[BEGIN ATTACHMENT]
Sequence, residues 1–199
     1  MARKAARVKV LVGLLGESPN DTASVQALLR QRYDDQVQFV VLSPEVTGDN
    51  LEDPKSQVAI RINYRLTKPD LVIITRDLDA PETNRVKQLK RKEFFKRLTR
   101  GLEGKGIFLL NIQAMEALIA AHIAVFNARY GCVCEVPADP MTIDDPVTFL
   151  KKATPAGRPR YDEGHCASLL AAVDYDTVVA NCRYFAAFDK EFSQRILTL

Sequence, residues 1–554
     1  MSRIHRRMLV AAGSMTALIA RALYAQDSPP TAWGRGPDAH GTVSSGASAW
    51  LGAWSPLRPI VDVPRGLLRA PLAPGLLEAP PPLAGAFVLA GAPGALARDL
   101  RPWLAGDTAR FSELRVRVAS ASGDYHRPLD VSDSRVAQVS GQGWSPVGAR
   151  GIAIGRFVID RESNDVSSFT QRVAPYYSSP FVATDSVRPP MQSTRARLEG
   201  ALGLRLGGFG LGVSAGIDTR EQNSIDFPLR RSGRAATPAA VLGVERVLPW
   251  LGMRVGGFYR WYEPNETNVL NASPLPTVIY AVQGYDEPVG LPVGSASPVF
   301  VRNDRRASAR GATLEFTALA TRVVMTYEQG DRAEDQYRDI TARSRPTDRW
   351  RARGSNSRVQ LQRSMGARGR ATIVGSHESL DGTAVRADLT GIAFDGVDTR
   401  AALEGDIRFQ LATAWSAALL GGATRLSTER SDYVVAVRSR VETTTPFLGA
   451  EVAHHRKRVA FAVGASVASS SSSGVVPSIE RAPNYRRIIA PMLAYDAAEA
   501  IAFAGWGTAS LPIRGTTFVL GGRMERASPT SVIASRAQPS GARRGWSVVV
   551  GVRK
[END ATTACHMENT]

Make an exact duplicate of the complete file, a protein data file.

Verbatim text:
Sequence, residues 1–199
     1  MARKAARVKV LVGLLGESPN DTASVQALLR QRYDDQVQFV VLSPEVTGDN
    51  LEDPKSQVAI RINYRLTKPD LVIITRDLDA PETNRVKQLK RKEFFKRLTR
   101  GLEGKGIFLL NIQAMEALIA AHIAVFNARY GCVCEVPADP MTIDDPVTFL
   151  KKATPAGRPR YDEGHCASLL AAVDYDTVVA NCRYFAAFDK EFSQRILTL

Sequence, residues 1–554
     1  MSRIHRRMLV AAGSMTALIA RALYAQDSPP TAWGRGPDAH GTVSSGASAW
    51  LGAWSPLRPI VDVPRGLLRA PLAPGLLEAP PPLAGAFVLA GAPGALARDL
   101  RPWLAGDTAR FSELRVRVAS ASGDYHRPLD VSDSRVAQVS GQGWSPVGAR
   151  GIAIGRFVID RESNDVSSFT QRVAPYYSSP FVATDSVRPP MQSTRARLEG
   201  ALGLRLGGFG LGVSAGIDTR EQNSIDFPLR RSGRAATPAA VLGVERVLPW
   251  LGMRVGGFYR WYEPNETNVL NASPLPTVIY AVQGYDEPVG LPVGSASPVF
   301  VRNDRRASAR GATLEFTALA TRVVMTYEQG DRAEDQYRDI TARSRPTDRW
   351  RARGSNSRVQ LQRSMGARGR ATIVGSHESL DGTAVRADLT GIAFDGVDTR
   401  AALEGDIRFQ LATAWSAALL GGATRLSTER SDYVVAVRSR VETTTPFLGA
   451  EVAHHRKRVA FAVGASVASS SSSGVVPSIE RAPNYRRIIA PMLAYDAAEA
   501  IAFAGWGTAS LPIRGTTFVL GGRMERASPT SVIASRAQPS GARRGWSVVV
   551  GVRK